Spider mower blitzes vegetation underneath PV panels

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The Spider’s unique patented design means that one mower can maintain the entire farm between the rows of solar panels and below them, reducing the need for multiple machines.

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PRESS RELEASE

Controlling vegetation underneath PV panels is an ongoing challenge for solar farms. Having some grass around the modules prevents upwards heat radiation and soil erosion, while helping the soil to retain moisture and reduce dust around the panels.

However, overgrowth causes shading, hot spots and equipment accessibility issues. The good news is that Inlon’s Spider ILD02 remote-controlled mower is here to change the landscape for Australian solar farms, quite literally.

At the heart of the Spider’s appeal is its ability to mow the vegetation underneathPV panels, fitting easily below frames up to 1 metre in height. It is operated with a remote control, so the user can stay in control while keeping a safe distance from the panels.

Alternatives such as ride-on mowers are not practical in low height areas, and if using reach or swing arm mowers, a slight misjudgement can lead to thousands of dollars of damage.

The Spider’s unique patented design means that one mower can maintain the entire farm between the rows of solar panels and below them, reducing the need for multiple machines.

Traditionally, maintenance has involved a two-stage clearing process, using a mower for the large areas and a trimmer to go around frames and obstacles. Not only does it save time on the mowing process, the Spider ILD02 works fast too, clearing a highly productive 1.25 acres per hour.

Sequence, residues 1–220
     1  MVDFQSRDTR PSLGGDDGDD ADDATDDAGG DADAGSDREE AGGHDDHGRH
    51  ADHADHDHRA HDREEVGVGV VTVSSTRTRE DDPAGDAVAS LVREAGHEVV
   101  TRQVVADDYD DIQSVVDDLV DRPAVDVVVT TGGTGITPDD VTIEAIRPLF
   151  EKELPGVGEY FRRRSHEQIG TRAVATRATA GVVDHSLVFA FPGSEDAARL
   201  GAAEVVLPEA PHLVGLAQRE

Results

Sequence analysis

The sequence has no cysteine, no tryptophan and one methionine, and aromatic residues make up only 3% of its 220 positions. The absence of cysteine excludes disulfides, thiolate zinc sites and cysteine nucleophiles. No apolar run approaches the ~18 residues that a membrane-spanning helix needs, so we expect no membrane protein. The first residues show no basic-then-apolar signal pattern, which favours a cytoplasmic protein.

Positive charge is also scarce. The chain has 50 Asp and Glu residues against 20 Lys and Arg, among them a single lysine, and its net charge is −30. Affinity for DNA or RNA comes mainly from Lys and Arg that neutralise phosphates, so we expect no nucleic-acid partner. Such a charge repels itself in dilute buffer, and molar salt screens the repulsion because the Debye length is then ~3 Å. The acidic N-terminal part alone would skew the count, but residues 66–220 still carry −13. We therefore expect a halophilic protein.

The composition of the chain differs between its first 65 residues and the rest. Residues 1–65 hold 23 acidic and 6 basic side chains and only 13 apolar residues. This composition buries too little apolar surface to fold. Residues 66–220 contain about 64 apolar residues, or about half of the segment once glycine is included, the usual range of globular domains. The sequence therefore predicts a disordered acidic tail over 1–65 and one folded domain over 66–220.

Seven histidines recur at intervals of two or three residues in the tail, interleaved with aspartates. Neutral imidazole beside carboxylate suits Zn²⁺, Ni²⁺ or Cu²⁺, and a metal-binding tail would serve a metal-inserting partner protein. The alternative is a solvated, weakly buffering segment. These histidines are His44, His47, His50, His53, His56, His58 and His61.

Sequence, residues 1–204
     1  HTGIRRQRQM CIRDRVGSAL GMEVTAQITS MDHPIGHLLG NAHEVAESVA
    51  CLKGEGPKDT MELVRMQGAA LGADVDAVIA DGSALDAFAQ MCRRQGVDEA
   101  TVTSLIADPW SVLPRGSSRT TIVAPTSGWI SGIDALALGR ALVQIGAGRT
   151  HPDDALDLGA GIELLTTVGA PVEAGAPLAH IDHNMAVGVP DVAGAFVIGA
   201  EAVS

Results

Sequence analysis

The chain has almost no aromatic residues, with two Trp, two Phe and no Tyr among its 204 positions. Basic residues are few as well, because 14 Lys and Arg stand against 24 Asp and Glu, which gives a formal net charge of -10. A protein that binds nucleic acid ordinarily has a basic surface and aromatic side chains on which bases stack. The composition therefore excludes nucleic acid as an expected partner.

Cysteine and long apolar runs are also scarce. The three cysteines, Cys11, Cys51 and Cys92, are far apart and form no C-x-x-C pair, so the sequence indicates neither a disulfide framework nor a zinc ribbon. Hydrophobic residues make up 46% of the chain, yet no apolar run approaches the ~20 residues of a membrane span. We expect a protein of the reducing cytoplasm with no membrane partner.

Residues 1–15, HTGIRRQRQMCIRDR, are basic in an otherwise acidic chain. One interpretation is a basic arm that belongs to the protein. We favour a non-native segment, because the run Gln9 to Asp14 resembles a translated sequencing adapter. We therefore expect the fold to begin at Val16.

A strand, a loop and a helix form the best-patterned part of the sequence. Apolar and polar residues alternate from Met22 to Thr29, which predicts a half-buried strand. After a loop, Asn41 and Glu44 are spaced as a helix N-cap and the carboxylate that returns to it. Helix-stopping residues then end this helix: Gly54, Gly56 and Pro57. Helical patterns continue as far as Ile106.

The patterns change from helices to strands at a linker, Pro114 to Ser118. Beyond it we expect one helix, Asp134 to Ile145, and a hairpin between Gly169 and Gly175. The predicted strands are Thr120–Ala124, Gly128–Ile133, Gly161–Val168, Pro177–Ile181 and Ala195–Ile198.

Importantly for solar farms, the 4 wheel 360 degree steering makes it easy to manoeuvre and mow around awkward spaces.

There’s no time wasted having to turn the mower around. It can cut in any direction, going back and forth, side to side, scooting around posts and blitzing even wild, rough vegetation. For sloping land, the Spider has another card up its sleeve, mowing up to 40 degrees utilising 4 wheel drive lugged tyres and up to 55 degree slopes with its optional winch system.

Protection of PV assets is also helped with the Spider’s ability to contain debris. Normal mowing can send stones and branches flying around, but the Spider mulches material with blades set well within the deck body to minimise the ejection of grass and debris during mowing.

‘The Spider mower makes it easy to enjoy the benefits of low level grass around the PV panels,’ said Glenn Dwyer, Inlon’s Spider Product Manager. ‘Other vegetation control methods such as sheep or chemicals introduce husbandry and environmental issues, the latter being counter-productive for “green energy” supporters.

The Spider has low fuel consumption with low emissions and has previously won the CIVENEX Most Innovative Product award and a German Red Dot design award.’

For more information on Spider remote controlled mowers for solar farms, please visit www.spider-mower.com.auor call Inlon on 1800 772 407.

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5 Comments
  1. Alistair Spong 1 year ago

    baaa baaaa whats wrong with four legged mowers

    • Mark 1 year ago

      ‘sheep […] introduce husbandry […] issues’ said Glenn Dwyer, Inlon’s Spider Product Manager.

      Not sure I buy that completely, but I guess you would need to manage veterinary concerns – who deals with ill sheep on the solar farm? Surely an agistment arrangement could work though.

      • MacNordic 1 year ago

        And be at least cost neutral, if not a (small) stream of additional revenue…

        Outsourcing is industry standard, so why not do it here to utilise ressources in the most environmentally friendly (and sensible) way?

  2. Mark 1 year ago

    “low emissions” – why isn’t it solar powered? Also why does it need an operator?

    I would think that an Automower might do the job.

    • MaxG 1 year ago

      Fully agree; the first thing I thought when I saw the press release.
      A solar farm in particular has a layout very suitable for an autonomous vehicle.

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